Seafarer Overseas Growth and Income Fund – Investor(2)

Before Taxes



MSCI Emerging Markets Total Return Index

No fees, expenses or taxes applied





After-tax returns are calculated using the historically highest individual U.S. federal marginal income tax rates and do not reflect the impact of state and local taxes. Actual after-tax returns depend on your individual tax situation and may differ from those shown in the table. The after-tax return information shown does not apply to Fund shares held through a tax-deferred account, such as a 401(k) plan or an IRA.



After-tax returns are only shown for the Institutional Class shares of the Fund. After-tax returns for Investor Class shares will vary from those shown for Institutional Class shares due to varying expenses among the classes. The returns do not include any applicable sales charges that an investor may pay to a broker-dealer or other financial intermediary when buying or selling shares of the Fund.



(855) 732-9220 seafarerfunds.com


Seafarer Overseas Growth and Income Fund


Investment Adviser


Seafarer Capital Partners, LLC is the investment adviser to the Fund.


Portfolio Managers


Andrew Foster is the Portfolio Manager of the Fund, and has primary responsibility for the day-to-day management of the Fund’s portfolio. Mr. Foster has held his role since the inception of the Fund in February 2012. Paul Espinosa and Kate Jaquet are Co-Portfolio Managers of the Fund since June 2016. Inbok Song is a Co-Portfolio Manager of the Fund since August 2017.


Purchase and Sale of Fund Shares


The Fund offers two classes of shares, an Investor Class and an Institutional Class, each of which is offered by this Prospectus. The minimum initial investment for the Investor Class is $2,500 for all accounts, except that the minimum initial investment is $1,000 for retirement and education savings accounts and $1,500 for automatic investment plan accounts. The minimum initial investment for the Institutional Class is $25,000 for all accounts. Investors generally may meet the minimum initial investment for the Institutional Class by aggregating multiple accounts within the Fund. If a shareholder invests in the Fund through a financial adviser or intermediary, the minimum initial investment for the Institutional Class may be met if that financial adviser or intermediary aggregates investments of multiple clients to meet the minimum. The minimum investment for subsequent purchases is $100 for both share classes.


The Fund closed to most new investors on September 30, 2016. The Fund is available for purchase only by the following investors:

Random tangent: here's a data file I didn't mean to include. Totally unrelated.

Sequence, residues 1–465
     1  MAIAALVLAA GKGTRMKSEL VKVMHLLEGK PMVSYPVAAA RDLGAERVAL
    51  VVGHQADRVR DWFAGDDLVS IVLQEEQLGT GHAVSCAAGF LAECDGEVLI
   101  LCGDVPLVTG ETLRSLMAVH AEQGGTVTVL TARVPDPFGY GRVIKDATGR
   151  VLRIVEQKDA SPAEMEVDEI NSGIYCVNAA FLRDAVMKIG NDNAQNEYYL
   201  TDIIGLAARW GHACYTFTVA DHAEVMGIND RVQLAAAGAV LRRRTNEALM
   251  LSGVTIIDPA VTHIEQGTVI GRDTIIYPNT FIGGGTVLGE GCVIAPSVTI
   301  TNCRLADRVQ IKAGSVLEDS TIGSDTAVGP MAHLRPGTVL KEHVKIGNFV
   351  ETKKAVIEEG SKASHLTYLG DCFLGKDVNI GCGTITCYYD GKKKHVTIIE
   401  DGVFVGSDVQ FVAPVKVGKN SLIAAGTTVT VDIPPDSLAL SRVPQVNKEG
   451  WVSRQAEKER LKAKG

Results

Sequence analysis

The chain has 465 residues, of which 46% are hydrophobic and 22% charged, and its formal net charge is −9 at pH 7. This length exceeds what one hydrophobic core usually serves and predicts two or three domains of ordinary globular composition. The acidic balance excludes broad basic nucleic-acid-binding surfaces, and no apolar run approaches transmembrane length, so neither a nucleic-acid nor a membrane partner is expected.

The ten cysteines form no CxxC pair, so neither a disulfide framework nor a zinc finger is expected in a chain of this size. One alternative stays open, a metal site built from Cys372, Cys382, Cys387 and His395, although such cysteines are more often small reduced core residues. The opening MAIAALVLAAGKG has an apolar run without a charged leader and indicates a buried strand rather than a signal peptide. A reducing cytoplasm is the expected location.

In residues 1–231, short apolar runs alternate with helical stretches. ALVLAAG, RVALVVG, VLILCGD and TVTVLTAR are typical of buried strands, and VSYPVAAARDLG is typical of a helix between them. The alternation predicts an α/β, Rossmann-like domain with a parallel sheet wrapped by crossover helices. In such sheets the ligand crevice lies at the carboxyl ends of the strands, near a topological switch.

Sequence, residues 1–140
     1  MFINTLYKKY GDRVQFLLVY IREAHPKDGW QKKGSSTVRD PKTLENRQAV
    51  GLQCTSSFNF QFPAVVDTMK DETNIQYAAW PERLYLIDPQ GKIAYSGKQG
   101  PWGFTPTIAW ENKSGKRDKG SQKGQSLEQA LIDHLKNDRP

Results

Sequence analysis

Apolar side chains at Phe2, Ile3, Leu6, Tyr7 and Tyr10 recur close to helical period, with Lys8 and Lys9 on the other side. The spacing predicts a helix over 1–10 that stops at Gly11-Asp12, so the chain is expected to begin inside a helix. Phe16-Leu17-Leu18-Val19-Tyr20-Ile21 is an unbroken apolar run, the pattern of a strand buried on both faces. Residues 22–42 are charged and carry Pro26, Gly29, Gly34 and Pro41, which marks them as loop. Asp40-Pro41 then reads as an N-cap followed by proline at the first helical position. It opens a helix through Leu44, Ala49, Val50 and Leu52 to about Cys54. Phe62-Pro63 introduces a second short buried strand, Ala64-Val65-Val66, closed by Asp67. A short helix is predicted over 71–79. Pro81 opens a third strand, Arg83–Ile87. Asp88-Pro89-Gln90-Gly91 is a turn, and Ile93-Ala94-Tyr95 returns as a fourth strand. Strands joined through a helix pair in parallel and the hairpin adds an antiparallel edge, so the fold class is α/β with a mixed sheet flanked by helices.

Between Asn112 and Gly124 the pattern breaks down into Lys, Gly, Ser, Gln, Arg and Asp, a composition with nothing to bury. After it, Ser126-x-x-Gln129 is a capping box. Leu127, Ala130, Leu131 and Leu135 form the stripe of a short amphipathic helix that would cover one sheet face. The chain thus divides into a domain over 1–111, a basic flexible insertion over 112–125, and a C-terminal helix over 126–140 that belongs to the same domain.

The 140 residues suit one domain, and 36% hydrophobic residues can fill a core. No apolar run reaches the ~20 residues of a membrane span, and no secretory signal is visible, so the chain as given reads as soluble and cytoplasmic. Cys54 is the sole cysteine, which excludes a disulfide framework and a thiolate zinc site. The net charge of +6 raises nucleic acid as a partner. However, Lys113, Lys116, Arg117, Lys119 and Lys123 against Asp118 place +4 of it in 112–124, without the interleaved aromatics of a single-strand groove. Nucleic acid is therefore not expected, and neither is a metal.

Existing shareholders of the Fund;


Financial advisors, consultants and discretionary programs with existing clients in the Fund (i.e., they can continue to add new clients in the Fund);


Retirement plans or platforms with participants who currently invest in the Fund;


Model-based programs with existing accounts in the Fund; and


Employees of Seafarer and their families.


Please note that some intermediaries may not be able to accommodate the conditions set out above.


If a shareholder closes an account in the Fund due to redemption or exchange, the shareholder will no longer be able to make additional investments in the Fund.


The Fund reserves the right to make exceptions to any action taken to close the Fund, or limit inflows into the Fund, and delegates such authority to Seafarer.


Purchases and redemptions may be made on any day the New York Stock Exchange is open for trading. You may purchase and sell shares directly with the Fund through the Fund’s website at seafarerfunds.com, by telephone at 1-855-732-9220, by regular mail at P.O. Box 44474, Denver, Colorado 80201, or through institutional channels, such as financial intermediaries and retirement platforms. You should contact your financial intermediary or refer to your plan documents for further information on how to invest in the Fund.


Tax Information


For U.S. federal income tax purposes, the Fund’s distributions of earnings are taxable and will be taxed as ordinary income, capital gains or, in some cases, qualified dividend income taxable to noncorporate shareholders at maximum federal rates applicable to long-term capital gains, unless you are investing through a tax-deferred arrangement, such as a 401(k) plan or an individual retirement account. Such tax-deferred arrangements may be subject to U.S. federal income tax at tax rates applicable to ordinary income upon withdrawal of monies from those arrangements, and may incur penalties if amounts are withdrawn prematurely.


Summary Prospectus – August 31, 2017



Seafarer Overseas Growth and Income Fund


Payments to Broker-Dealers and Other Financial Intermediaries


If you purchase the Fund through a broker-dealer or other financial intermediary (such as a bank), the Fund and its related companies may pay the intermediary for the sale of Fund shares and related services. These payments may create a conflict of interest by influencing the broker-dealer or other intermediary and your salesperson to recommend the Fund over another investment. Ask your salesperson or visit your financial intermediary’s website for more information.





P.O. Box 44474
Denver, Colorado 80201
(855) 732-9220



Seafarer Funds distributed by ALPS Distributors, Inc.

(Investment Company Act File no. 811-8194)